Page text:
Remarks for U.S. OSCE Ambassador Julie Finley — as delivered

Embassy Of The United States
Yerevan, Armenia

Remarks for U.S. OSCE Ambassador Julie Finley — as delivered
OSCE Office in Yerevan — TIP Training Seminar
October 19, 2006, 9:30am

It is very nice to have the opportunity to talk with you. This is an
important training seminar on the fight against Trafficking in Persons.
There is no country in the world–including the United States–which can say
it has solved the problem of Trafficking in Persons. Some may be doing more
or having more success than others, but it is a global problem that we all
share and must fight together.
It is heartening to see the talent and dedication of the people gathered in
this room; however, we remain concerned about the status of the
anti-trafficking program in Armenia. Armenia´s National Action Plan on
trafficking is due to expire at the end of this year, and a new Action Plan
must be drafted to replace it. According to the Foreign Minister earlier
this week, the government intends to upgrade Armenia´s inter-agency
anti-trafficking committee to a more senior level and designate a minister
to coordinate its activities. This would be a most welcome step.
Armenia has been on the United States Government´s Tier 2 Watch List for two
years now. That means, unfortunately, that Armenia’s work in this area has
not been sufficient. And it also means that, by law, the United States State
Department must provide an interim assessment of Armenia´s anti-trafficking
efforts to Congress by February 1st, 2007.
We believe we have been doing our part to help. The United States has funded
a number of anti-trafficking programs through the OSCE Office here, through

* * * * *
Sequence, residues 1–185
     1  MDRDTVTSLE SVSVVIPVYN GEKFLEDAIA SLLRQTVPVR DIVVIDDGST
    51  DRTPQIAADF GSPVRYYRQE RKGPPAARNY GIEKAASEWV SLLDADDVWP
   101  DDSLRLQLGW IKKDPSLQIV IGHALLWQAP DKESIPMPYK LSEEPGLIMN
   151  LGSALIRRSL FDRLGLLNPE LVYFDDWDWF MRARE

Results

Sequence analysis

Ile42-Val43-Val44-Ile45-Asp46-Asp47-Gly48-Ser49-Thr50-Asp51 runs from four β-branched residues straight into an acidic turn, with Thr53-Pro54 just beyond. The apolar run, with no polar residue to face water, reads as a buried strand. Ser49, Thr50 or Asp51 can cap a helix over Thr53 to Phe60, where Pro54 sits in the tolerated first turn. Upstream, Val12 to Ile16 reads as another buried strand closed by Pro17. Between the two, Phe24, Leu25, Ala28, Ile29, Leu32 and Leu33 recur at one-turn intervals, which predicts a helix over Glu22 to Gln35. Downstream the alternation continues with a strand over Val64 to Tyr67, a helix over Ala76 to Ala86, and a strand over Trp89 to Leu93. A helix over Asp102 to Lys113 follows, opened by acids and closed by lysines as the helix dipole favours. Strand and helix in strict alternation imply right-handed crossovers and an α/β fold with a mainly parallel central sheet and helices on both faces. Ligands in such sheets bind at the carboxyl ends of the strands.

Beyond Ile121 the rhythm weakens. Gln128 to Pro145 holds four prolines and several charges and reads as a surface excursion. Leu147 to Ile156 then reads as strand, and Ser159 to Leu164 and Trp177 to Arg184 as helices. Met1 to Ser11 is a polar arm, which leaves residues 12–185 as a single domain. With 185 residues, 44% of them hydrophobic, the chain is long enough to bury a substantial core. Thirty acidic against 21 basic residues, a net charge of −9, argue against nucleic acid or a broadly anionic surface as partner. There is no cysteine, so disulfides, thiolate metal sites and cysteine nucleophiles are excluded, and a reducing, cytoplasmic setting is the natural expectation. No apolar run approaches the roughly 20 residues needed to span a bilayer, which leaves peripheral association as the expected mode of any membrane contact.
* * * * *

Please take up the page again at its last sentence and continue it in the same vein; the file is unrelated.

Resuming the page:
International Organization for Migration and through the United States
Embassy directly. These efforts have included support to an NGO victims’
shelter, training for judicial and consular officials, and legislative help,
to name a few examples. We will continue to provide a range of
anti-trafficking assistance to Armenia, but international assistance alone
cannot solve the problem. The Armenian government must be fully engaged.
We are particularly worried about allegations that some public officials may
be in league with traffickers. These allegations were mentioned specifically
in this year´s Trafficking in Persons report, which states . quote . "The
government failed to vigorously investigate and prosecute ongoing and
widespread allegations of public officials´ complicity and trafficking." end
Armenia´s position on the Tier 2 Watch List is precarious. If Armenia does
not address the concerns mentioned, it risks a Tier Three ranking. We hope,
however, that Armenia will show the serious and significant efforts needed
to graduate from the Watch List–and, more importantly, be more successful
in putting a stop to this terrible practice.
We hope you find the seminar today to be informative and useful. Thank you
very much for your hard work in the cause of human dignity.

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